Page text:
Generic Name: Divalproex (dye-VAL-pro-ex)

Drug Class: Anticonvulsant


Drug Uses

This medicine's primary use is to prevent seizures. (anticonvulsant) It is also approved to treat bipolar disorder and for prevention of migraine headaches.

General Information

This information is for educational purposes only. Not every known side effect, adverse effect, or drug interaction is in this database. If you have questions about your medicines, talk to your health care provider.

How it Works

The exact mechanism of action is not proven, but it is believed that this drug's effects are related to an increase in brain levels of a chemical called GABA.

How to Take It

Usual dosing is once daily. The tablets should be swallowed whole and not crushed or chewed.

Possible Side Effects

    • Talk to your doctor if these side effects become severe:
      • dizziness
      • drowsiness
      • nervousness
      • hair loss

    • If you experience other bothersome side effects, contact your health care provider.


    • Divalproex should be used cautiously by patients with liver disease and by the elderly.

    • Also, this medication should NOT be abruptly discontinued, due to the possibility of life-threatening seizure activity.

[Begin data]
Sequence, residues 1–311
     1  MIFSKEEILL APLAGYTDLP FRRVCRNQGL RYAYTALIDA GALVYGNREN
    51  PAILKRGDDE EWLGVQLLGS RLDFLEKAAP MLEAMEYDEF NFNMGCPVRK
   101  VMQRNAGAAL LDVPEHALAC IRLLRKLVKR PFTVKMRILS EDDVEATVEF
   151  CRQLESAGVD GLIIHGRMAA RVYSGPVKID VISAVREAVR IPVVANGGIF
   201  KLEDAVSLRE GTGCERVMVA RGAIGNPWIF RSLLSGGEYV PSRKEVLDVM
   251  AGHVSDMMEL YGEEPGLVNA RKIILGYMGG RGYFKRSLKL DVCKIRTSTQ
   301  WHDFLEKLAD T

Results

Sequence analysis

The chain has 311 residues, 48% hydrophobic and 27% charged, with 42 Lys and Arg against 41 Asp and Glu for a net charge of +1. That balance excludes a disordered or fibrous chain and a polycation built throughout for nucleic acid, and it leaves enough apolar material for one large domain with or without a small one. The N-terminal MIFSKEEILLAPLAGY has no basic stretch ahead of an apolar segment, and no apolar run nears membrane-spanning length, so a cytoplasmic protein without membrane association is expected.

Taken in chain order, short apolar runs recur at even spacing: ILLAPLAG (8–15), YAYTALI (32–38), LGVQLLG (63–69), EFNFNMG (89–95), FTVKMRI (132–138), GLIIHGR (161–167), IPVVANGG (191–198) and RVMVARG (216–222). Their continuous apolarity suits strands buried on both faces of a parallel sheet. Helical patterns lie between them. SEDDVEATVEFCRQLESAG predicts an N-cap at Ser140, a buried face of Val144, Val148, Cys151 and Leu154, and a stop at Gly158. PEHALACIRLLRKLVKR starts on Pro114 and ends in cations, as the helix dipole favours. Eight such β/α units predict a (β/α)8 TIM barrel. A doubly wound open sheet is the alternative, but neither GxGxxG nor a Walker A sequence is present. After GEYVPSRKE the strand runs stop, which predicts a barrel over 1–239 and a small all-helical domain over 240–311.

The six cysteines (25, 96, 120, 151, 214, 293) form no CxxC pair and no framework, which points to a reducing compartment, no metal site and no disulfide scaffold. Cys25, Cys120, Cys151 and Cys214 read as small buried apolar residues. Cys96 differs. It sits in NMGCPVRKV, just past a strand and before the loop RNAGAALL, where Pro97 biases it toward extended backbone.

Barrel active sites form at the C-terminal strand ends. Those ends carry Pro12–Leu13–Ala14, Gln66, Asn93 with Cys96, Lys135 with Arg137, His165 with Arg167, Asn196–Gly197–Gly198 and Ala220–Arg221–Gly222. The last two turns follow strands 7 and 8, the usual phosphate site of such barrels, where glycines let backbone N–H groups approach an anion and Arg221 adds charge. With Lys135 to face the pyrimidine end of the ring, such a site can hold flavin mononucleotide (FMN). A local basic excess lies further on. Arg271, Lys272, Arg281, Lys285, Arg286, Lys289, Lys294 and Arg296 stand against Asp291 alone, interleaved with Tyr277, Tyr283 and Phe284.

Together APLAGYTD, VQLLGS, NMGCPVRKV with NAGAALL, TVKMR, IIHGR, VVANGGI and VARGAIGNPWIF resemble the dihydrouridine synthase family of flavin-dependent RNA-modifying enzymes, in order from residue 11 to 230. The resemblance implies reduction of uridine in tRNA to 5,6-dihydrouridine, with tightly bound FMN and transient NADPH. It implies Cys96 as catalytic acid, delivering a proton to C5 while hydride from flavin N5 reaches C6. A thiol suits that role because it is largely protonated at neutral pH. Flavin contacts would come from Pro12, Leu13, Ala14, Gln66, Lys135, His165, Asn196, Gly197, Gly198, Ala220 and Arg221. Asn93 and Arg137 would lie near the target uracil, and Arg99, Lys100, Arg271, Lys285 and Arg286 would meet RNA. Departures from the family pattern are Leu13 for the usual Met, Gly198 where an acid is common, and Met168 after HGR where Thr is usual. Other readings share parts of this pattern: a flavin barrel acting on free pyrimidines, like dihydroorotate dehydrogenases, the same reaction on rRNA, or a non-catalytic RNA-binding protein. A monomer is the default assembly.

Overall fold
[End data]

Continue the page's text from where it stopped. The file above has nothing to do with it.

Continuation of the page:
• Seek medical attention immediately. For non emergencies, contact your local or regional poison control center at 1-800-222-1222.

Drug Interactions

    • Divalproex effects may be increased by erythromycin, cimetidine, salicylates, and decreased by carbamazepine. This drug may increase the effects of diazepam, phenytoin, and warfarin.

Missed Dose

Take your next dose as soon as you remember. If it is time for your next dose, skip the missed dose and go back to your regular schedule. Do not double doses.


Keep this medication in the container it came in, tightly closed, and out of reach of children. Store it at room temperature and away from excess heat and moisture (not in the bathroom). Throw away any medication that is outdated or no longer needed.


Divalproex can cause fetal damage during the first trimester and should not be used during pregnancy if other options are available. Small amounts of divalproex have been shown to be excreted in breast milk, so should be used with caution while breast-feeding.

More Information

For more information, talk to your doctor, pharmacist or health care provider.

Last reviewed: By John M. Grohol, Psy.D. on 19 May 2015
    Published on All rights reserved.